The Scriptures indicate no single way for presenting the Gospel of Jesus Christ to another person. Our Savior used various approaches with differing people. However, He always presented Himself as central to salvation. He also stressed the importance of His impending death and resurrection. These truths must be presented when sharing the gospel. The Spirit of the Lord alone can give us perception as to what must be emphasized. For example, do we need to point to God's love when a soul is despairing? Should we stress confessing sinnership when another is self-righteous? Is repentance needed in one who makes sin a casual thing? Does a Christ-denying cult member know that Scripture affirms that Jesus is God? Is there a problem with understanding saving faith? The Lord Jesus always touched on the most critical point in dealing with each individual.
The story of salvation is broken here into its varied parts for better understanding, not for prescribing a formula presentation. One should spend time with people on the areas of their greatest need. Key verses should be memorized. Exact quotation from memory is impressive. The one with whom we deal should have the open text before him whenever possible. Remember these simple rules in sharing the Gospel:
1. Be prayerful and depend on God.
2. Assume nothing about the other person.
3. Ask good questions. Find out his spiritual condition.
4. Listen and observe thoughtfully.
5. Do not move beyond his understanding.
6. Make the Lord Jesus the major focus.
Opening the Door of Communication
Building a bridge of understanding or winning the right to be heard is the necessary first step in evangelism. Take the conversational initiative and show a sincere interest in others. This opens doors. Have a life that is respected by others (1 Pet. 2:12). They will more likely listen to your witness. Be enthusiastic about what the Lord Jesus Christ has done for you. They may sense that He also can help them. Speak about Christ in a natural way during normal contacts with others.
The Lord Jesus used good questions as openers. You can do the same with everyday topics that interest other people such as what we eat, where we live, or what we do. News events can be starters. Home backgrounds can be discussed even with strangers. Help someone practically. Smile or give a cheerful greeting. Ask for advice or assistance.
Practice These Things In Daily Contacts. Pray for divine appointments. Our Father knows where the fish are that can be brought into His net (Luke 5:4-10).
Making the Transition
Move from an ordinary subject to the spiritual area. Practice doing this in daily contacts with others. A transition to spiritual discussion involves three elements:
Start Where They Are. Use the subject they have been talking about. If someone speaks of current events, you might say, "The news has been very disturbing."
Move Toward A Spiritual Subject. Relate the subject at hand to a spiritual observation. Using the starting sentence above, say, "It makes me thankful that I have a brighter hope."
With A Question. Ask a question that directs them to respond to the spiritual subject you have introduced. Still following the example above, say, "In what way do you see a hope for the future?" Do not let them merely agree or disagree. You are seeking a discussion.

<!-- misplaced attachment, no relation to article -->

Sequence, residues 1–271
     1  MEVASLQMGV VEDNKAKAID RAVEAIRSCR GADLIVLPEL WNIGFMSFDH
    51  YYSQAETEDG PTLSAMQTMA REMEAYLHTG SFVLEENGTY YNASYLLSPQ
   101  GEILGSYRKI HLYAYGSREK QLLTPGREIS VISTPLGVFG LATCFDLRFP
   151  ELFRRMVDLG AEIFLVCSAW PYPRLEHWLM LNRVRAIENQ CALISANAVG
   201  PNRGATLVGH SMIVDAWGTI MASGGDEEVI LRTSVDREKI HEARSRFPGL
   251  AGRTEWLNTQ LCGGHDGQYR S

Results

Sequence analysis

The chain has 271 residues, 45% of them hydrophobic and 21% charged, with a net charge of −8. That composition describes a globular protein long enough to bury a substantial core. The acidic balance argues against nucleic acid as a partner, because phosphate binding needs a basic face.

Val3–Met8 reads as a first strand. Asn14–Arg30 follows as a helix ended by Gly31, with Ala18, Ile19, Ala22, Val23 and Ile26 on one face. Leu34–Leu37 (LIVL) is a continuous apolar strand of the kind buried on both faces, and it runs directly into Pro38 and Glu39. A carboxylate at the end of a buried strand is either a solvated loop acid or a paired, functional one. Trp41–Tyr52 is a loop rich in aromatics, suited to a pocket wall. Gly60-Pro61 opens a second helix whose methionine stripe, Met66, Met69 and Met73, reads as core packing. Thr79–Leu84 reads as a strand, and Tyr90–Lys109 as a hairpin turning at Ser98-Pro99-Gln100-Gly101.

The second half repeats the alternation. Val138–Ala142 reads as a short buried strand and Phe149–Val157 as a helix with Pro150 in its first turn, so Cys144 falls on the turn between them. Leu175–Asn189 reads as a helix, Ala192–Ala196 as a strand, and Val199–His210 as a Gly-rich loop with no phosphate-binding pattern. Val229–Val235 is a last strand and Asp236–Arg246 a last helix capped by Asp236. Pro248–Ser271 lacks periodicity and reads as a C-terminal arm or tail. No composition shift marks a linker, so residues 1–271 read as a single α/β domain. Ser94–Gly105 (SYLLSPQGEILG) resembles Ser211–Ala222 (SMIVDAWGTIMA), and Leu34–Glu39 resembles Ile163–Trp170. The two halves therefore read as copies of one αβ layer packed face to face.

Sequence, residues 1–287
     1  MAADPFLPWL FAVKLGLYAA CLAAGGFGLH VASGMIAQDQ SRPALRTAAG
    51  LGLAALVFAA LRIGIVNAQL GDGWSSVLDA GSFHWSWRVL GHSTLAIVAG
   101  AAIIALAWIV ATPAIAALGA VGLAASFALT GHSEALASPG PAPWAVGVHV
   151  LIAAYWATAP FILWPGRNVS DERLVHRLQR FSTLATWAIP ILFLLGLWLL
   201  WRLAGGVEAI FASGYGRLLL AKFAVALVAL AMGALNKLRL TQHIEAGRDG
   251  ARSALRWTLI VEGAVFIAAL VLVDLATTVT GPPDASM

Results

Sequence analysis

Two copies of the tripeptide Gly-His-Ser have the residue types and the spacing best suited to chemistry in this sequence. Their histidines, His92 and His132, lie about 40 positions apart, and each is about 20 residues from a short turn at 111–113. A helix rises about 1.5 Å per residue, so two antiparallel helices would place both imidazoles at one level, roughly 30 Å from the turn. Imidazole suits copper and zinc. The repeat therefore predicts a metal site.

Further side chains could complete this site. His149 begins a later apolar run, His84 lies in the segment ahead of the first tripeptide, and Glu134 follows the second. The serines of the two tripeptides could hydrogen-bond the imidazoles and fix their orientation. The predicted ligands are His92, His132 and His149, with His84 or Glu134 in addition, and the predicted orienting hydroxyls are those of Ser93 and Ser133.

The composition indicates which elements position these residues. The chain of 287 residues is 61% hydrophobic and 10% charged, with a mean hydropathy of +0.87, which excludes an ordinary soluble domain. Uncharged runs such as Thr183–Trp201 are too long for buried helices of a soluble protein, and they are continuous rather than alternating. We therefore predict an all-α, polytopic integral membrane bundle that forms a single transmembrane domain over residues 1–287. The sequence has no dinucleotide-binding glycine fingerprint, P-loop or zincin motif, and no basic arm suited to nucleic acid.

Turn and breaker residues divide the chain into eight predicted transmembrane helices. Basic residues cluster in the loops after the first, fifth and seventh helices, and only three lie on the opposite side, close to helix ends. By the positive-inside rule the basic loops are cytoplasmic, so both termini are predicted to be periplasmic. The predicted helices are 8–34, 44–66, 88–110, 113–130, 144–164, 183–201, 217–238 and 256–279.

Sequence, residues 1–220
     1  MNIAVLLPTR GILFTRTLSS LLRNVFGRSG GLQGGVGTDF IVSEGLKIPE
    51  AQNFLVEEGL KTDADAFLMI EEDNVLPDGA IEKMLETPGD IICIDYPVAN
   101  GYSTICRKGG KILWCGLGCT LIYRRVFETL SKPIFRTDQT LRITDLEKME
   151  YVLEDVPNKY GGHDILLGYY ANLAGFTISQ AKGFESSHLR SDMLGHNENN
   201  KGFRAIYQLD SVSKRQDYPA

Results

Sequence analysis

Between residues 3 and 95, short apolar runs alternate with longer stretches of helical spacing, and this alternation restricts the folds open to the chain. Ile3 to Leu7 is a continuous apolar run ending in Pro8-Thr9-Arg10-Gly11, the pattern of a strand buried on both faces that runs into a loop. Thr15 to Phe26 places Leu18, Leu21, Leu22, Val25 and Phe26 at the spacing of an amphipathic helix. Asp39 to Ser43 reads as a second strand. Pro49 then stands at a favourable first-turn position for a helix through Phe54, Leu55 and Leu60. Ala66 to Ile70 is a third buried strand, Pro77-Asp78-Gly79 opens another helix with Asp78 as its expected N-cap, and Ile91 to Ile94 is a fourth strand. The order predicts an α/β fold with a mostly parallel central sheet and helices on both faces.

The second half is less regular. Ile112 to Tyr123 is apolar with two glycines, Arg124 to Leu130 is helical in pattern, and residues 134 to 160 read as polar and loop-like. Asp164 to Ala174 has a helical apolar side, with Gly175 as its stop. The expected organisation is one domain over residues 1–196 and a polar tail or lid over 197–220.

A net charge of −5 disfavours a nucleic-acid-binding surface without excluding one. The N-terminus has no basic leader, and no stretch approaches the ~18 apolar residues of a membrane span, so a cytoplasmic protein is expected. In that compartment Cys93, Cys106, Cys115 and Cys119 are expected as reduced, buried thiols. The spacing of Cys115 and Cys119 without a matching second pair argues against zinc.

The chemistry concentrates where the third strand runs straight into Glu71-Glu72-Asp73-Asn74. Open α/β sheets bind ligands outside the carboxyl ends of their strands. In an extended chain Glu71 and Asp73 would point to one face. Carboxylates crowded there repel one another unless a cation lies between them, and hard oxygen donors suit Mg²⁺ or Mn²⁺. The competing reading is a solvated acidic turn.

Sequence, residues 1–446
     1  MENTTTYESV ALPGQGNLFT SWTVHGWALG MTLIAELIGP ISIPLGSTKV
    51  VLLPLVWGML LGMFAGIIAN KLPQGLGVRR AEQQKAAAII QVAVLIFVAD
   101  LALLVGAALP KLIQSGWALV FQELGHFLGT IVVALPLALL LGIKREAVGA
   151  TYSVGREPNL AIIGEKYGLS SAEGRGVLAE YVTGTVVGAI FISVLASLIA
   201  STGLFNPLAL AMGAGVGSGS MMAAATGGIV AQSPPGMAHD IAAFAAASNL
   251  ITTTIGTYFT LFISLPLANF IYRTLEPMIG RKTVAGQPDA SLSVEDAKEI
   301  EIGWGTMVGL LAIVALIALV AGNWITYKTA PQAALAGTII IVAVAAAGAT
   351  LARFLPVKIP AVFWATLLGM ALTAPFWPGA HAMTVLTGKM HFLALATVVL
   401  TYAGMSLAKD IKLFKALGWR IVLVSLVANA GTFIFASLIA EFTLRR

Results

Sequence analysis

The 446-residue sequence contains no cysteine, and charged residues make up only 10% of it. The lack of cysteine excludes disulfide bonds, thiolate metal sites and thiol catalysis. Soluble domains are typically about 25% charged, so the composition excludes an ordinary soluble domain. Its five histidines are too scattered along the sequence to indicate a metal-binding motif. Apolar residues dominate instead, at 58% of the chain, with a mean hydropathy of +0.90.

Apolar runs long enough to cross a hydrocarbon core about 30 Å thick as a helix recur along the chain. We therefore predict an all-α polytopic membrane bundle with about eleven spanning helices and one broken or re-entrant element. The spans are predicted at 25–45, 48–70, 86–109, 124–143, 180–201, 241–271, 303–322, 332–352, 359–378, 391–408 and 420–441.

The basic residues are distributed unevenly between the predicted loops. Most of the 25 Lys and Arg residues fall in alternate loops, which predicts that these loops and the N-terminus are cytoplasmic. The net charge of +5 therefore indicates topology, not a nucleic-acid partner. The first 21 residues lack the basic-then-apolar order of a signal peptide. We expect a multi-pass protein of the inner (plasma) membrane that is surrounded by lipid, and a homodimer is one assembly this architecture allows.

Making the Presentation
The Gospel can be discussed under these major headings. Other divisions are a convenient way to keep in mind various important truths so they will not be overlooked.
Offer Made. God has made the greatest of all proclamations. God's salvation is available to "whosoever will" (John 3:16; Rev. 22:17). He is willing to receive and forgive even the worst of sinners. That is the "good news." This is what our word "Gospel" means. He is not willing that even one should perish (2 Pet. 3:9).
Abundant Life. Tremendous blessings are freely offered: abundant life, peace, joy, rest, forgiveness, and eternal life. "I am come that they might have life and that they might have it more abundantly" (John 10:10b). You can have everlasting life even now (John 5:24).
Love of God. Ask others, "Do you know that God loves you?" (John 3:16). He loves even sinners (Rom. 5:8).
Is there any interest in these abundant blessings freely offered in Christ? Do not keep trying to explain salvation to a person who shows no interest and no sign of the working of the Spirit. Responders to Jesus in the four Gospels displayed considerable interest and even eagerness to come to Him.
Offer Needed. We cannot understand the origin of hate, war, suffering, violence, and evil unless we understand the greatest of all problems, that of SIN. We cannot rightly come to Jesus and ignore the problem of personal sin. The only person who needs a Savior is a sinner. The reason that Jesus came was to "save His people from their sins" (Matt. 1:21; Luke 19:10). Do not encourage people to come to Jesus only to solve their earthly problems or have greater meaning in their lives. People need to come to Christ to be saved from their sins and to escape the eternal judgment of God (John 3:36; 1 Thess. 1:10).
What is Sin? This must be measured by the standard of a holy God. Many think only the vilest of crimes are sin and believe they are innocent. A child or young person raised in favorable moral surroundings is as much included in Romans 3:23 as a murderer or an offender of the vilest sort.
All have sinned. The heart of sin is turning aside to do what we want, not what God wants (Isa. 53:6). Sin is having self on the throne of your life. Acknowledgment of sinnership before God precedes God's act of justifying us (Luke 18:13-14). Jesus came to call sinners to repentance, not those who classify themselves as righteous (Matt. 9:13).